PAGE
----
Monday, November 10, 2014

intrinsic vs. extrinsic goals




If there’s one thing that anybody knows about me, it’s that I love to set goals. Love with a great big capital L. While I’m not entirely sure where I would be without them, having never actually given it a shot, chances are I would spend my days lying in the sun with a good book (by good book I mean re-reading the Harry Potter series for the 10000000000 time) and drinking my body weight in earl grey tea. Now on the surface that doesn’t sad bad at all (actually it sounds amazing), but as I get older I am starting to learn more and more about how vital it to nourish your mind, body and soul in a variety of different ways.
While I usually reach the goals that I set in regards to my mind and soul, I have never quite gotten the hang of the body part of equation. It wasn’t until midway through this year that I realised why those goals weren’t as achievable at the others, even though they weren’t any more difficult: the intention behind them was not the same.
Most of my goals are for myself and myself alone: I set them because working towards them and meeting them is fun, and it fills me with a sense of accomplishment. These aren’t goals that I make with the expectation of impressing anyone other than myself; they are simply a tool I use to move forward (and not read every single day away) and satisfy my creative side.
However, my exercise goals have always been different. Though being a coeliac vegetarian means that I don’t have to worry about my weight, my body certainly isn’t the kind that would grace magazine covers or wind up on someone’s instagram as fitspo (don’t get me started on fitspo. Worst. Thing. Ever.). I’m equal parts bony and soft in alllll of the wrong places, and despite being a staunch feminist often have to swallow my pride and ask my husband to open jars for me because I’m just too darn weak to do it myself (I must stress that I’m not weak because I’m female, I’m weak because I have been too lazy to build up my upper-body strength).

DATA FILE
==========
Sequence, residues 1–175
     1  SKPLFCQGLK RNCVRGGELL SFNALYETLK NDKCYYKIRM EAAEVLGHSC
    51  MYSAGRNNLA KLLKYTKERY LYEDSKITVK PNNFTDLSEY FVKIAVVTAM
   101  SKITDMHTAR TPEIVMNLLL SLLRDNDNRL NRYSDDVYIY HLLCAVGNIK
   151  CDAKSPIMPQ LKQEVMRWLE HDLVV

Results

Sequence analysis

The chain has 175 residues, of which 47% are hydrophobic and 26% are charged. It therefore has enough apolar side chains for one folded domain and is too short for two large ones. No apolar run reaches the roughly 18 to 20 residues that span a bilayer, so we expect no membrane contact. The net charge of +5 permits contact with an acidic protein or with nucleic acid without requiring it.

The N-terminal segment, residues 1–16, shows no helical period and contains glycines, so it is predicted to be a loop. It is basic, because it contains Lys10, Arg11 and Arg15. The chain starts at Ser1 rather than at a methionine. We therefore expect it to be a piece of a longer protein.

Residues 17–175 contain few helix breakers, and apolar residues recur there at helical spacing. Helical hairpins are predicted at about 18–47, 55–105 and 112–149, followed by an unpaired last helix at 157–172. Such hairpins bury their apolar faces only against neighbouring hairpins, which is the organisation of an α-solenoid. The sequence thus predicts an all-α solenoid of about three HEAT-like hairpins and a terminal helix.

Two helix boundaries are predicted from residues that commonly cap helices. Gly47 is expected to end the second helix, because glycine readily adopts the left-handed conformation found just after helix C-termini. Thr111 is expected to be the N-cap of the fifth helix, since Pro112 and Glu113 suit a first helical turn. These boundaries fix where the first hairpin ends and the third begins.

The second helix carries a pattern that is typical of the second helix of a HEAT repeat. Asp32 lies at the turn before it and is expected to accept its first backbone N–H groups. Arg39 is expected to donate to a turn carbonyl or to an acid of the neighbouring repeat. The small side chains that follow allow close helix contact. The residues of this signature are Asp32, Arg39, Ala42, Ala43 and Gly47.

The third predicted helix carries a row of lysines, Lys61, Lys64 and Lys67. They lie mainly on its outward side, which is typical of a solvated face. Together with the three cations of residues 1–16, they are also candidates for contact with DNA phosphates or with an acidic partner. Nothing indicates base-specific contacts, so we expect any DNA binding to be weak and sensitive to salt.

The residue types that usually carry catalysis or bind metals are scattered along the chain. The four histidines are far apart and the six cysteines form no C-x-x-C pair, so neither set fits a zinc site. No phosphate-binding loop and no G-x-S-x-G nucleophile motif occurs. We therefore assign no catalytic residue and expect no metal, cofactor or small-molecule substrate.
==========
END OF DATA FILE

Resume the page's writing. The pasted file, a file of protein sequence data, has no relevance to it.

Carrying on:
Due to having a touch of low self-esteem when it comes to my figure, when I have set exercise goals it has been with the intention of changing my body. And while I’m a little ashamed to type this, always being the first to loudly say that looks don’t matter, the only reason I attempted to change my body shape was to impress other people. I certainly wouldn’t feel any differently about myself were I to suddenly wake up with abs and buns of steel, because that sort of thing doesn’t matter half as much to me as say, good grades and kindness. But a small part of me couldn’t help but think it might be nice to look appealing in order to gain the approval of others.
Needless to say that, as is the case with most people, my desire to impress others was simply not a strong enough motivator to combat my deep set loathing of exercising. So any fitness goals that I have had have lasted maaaybe a month or so before I have crawled back to the couch in defeat.
However, something has happened over the last year that has turned my ‘move’ goals from extrinsic into intrinsic. This past year I have been a bit unwell, and it was when I went in for surgery that I realised my body wasn’t working quite as well as I have been used to. While there isn’t much I can do about that side of things, it was a great big wake up call to just how awesome being healthy actually is. I realised how much I appreciated my body: not in terms of how my body looks, but in regards to all of the things that it does for me: I can walk, dance, run, sing, smell, taste, hear, breathe, see. And hell if I don’t want to look after it as well as I possibly can.
I have since started running and joined a lunchtime boot camp – two things I have previously avoided like the plague – and am already feeling far healthier and stronger. Where once I would have said things to myself while attempting to run like ‘no pain, no gain’, now when I feel like giving up I remind myself that I love and care for my body, and it is this intention that keeps me going forward.

So many people, such as myself, attempt to ‘get healthy’ for all of the wrong reasons. We do it out of a place of hate; out of the idea that we’re not good enough as we are. Getting outdoors and moving shouldn’t be about trying to force your body into changing. Rather, it should be about nourishing ourselves because we want the very best for the skin, bone, fat and muscle that we call home.

We need to stop trying to mould our bodies to fit to match the unrealistic representations of men and women thrown at us constantly by the media, and start appreciating and caring for the bodies that we do have, no matter what shape or size, simply because we recognise how completely awesome they already are.

(Image credit: 1.)

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